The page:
Finally, even before the downturn, there were some who saw the paradox between a theology of abundance and a theology of stewardship of the earth. I’m not sure whether churchgoers have not actually become less concerned with environmental stewardship during this long downturn.

    My stewardship appeal would be if pledges are enough to keep the doors open, what do our eyes tell about what we can do improve lives of those around us who have less, or who are suffering in other ways. Do we aspire to help them or not?

    If we’re struggling to keep the doors open, and have been for several years, do we still have a purpose or should we join with the next nearest Episcopal church?

  2. The Rev. Richard E. Helmer

    I think Hotchkiss’ assertion shows how easy it is to conflate abundance with affluence and pledging with consumerism. Where we’ve done this in the Church, we’re in peril.

    A classic stewardship gospel passage, the feeding of the five thousand, doesn’t deny limited means, but demonstrates when they are shared in thanksgiving, there is more than enough for all.

    I confess to growing tired of the trope about the church of the 1950’s. It’s been dead now for over half a century. Some have doubts whether our memory of it is all that accurate. Let’s give it a rest!

  3. I agree with Richard. It’s God’s abundance we are talking about and about how we are to be generous as God is generous, especially when we really look at ourselves as see how much we really have, how much there really is, compared to those we are called to serve – the homeless, imprisoned, abused and abandoned. Our stewardship message ought to be about addressing how we must be the church in times like these – not cutting back on mission but adding to it, lest we risk living out a message that we only do mission when we (and others) are flush. I agree with Hotchkiss’ assertion that we need to show why we need people’s generosity; we need to show that the church exists for the benefit of others, not ourselves. This is how we live out our calling, and it’s based on generosity, not scarcity.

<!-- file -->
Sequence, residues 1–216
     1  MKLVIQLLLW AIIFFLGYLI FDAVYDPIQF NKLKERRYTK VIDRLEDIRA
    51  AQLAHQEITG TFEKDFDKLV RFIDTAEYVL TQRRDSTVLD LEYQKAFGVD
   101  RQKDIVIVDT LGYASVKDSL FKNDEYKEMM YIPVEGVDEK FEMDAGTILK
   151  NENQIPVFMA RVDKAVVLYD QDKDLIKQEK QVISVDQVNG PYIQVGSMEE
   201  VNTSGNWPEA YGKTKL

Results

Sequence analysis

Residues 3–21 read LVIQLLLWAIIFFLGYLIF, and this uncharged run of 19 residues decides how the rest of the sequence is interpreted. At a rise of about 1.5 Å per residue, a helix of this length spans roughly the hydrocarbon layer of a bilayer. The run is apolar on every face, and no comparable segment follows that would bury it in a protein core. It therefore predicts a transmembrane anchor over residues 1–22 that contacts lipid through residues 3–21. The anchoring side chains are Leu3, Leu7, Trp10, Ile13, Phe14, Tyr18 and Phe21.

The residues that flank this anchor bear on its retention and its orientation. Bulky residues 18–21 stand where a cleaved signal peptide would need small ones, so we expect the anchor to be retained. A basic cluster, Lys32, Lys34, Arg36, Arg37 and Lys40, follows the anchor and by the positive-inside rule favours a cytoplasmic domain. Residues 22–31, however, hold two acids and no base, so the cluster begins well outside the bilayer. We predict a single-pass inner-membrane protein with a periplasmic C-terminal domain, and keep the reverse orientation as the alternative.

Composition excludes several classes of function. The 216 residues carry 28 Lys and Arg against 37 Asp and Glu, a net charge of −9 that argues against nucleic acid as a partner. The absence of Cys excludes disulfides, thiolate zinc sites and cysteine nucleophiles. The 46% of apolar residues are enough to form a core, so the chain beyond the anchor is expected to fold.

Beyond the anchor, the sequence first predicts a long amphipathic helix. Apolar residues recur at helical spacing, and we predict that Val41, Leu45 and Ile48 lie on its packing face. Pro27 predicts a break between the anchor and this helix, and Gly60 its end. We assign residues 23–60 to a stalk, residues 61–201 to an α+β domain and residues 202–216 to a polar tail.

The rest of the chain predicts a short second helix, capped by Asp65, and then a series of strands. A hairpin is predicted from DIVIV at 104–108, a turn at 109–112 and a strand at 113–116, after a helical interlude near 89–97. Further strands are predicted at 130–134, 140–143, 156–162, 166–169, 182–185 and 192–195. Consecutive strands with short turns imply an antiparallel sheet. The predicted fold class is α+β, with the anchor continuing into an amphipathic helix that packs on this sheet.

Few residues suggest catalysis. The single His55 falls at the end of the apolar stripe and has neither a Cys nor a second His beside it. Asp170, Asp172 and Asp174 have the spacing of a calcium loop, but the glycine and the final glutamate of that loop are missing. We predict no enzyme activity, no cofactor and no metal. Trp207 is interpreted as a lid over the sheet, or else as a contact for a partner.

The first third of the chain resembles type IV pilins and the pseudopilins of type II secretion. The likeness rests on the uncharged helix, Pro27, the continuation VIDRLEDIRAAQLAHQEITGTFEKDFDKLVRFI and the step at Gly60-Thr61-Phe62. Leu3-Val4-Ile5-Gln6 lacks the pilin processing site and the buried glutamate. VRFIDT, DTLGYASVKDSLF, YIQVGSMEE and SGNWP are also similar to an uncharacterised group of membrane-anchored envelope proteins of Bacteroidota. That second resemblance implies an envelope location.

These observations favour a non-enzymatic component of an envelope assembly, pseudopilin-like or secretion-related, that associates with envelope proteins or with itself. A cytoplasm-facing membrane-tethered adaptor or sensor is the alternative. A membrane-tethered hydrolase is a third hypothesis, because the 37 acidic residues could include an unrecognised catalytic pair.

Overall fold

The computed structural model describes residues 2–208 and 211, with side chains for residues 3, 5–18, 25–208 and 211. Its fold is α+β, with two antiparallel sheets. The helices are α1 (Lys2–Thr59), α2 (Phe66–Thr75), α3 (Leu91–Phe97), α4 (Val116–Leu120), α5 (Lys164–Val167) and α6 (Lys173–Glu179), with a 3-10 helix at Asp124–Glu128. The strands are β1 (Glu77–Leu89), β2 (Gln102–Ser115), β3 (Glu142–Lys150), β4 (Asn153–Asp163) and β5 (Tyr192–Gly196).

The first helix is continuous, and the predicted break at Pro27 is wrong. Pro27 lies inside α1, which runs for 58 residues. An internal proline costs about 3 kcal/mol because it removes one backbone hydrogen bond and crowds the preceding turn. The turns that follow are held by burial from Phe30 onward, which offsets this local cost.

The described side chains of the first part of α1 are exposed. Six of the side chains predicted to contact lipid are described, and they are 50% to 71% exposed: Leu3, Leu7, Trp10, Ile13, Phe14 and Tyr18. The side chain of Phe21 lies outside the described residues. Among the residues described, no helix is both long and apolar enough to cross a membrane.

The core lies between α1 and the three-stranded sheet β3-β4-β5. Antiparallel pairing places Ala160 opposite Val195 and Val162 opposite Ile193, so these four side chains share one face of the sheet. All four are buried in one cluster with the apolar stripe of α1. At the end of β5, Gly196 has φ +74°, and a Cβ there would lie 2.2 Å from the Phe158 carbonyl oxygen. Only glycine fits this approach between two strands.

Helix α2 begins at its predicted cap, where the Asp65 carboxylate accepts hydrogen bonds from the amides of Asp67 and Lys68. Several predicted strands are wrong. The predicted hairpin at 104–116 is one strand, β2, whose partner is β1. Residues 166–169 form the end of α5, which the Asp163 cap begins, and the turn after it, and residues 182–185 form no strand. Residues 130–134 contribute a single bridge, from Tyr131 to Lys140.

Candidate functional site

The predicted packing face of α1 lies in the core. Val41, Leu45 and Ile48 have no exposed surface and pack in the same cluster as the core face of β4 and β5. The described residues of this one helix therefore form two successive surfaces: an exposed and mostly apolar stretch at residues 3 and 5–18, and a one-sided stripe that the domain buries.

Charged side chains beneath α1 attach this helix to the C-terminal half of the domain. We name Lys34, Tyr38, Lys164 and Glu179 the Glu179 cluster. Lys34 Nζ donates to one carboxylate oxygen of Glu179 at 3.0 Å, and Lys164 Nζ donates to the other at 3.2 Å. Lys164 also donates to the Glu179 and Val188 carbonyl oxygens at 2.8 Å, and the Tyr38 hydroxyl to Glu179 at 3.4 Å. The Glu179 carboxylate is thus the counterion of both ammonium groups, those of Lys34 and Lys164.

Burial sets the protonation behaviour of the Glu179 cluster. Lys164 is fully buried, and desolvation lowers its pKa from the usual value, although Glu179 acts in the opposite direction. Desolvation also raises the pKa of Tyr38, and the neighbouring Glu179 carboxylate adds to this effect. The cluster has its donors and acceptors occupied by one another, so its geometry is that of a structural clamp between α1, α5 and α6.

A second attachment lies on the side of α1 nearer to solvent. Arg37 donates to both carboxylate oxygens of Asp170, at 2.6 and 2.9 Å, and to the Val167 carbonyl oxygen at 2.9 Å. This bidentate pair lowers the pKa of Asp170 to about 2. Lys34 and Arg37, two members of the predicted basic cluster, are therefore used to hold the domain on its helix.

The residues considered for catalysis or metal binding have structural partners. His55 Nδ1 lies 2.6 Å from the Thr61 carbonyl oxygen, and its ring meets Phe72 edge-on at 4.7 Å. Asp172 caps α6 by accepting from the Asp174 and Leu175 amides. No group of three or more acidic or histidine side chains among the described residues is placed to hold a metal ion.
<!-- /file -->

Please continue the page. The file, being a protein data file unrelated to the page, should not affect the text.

Penny Nash

  4. We don’t live in a world of scarcity. There are just too many people.

  5. I find the truth of God’s abundance one of the most difficult to live out, both personally and professionally. Personally, I know that my income is limited–I only have so much to spend. Professionally, I am only too aware that the church as an institution has a limited amount of resources. I have never found a church that has more money than it needs to do the work it has been called to do, and most of the time it has far less. We can preach the theology of abundance, we can even model it, but we cannot spend more than we have in our congregational bank accounts, and that depends, in part at least, on both people’s ability and willingness to give, not just to an institution, but to a cause. As has often been quoted, I know that God is a generous God, but often God’s people don’t share that quality!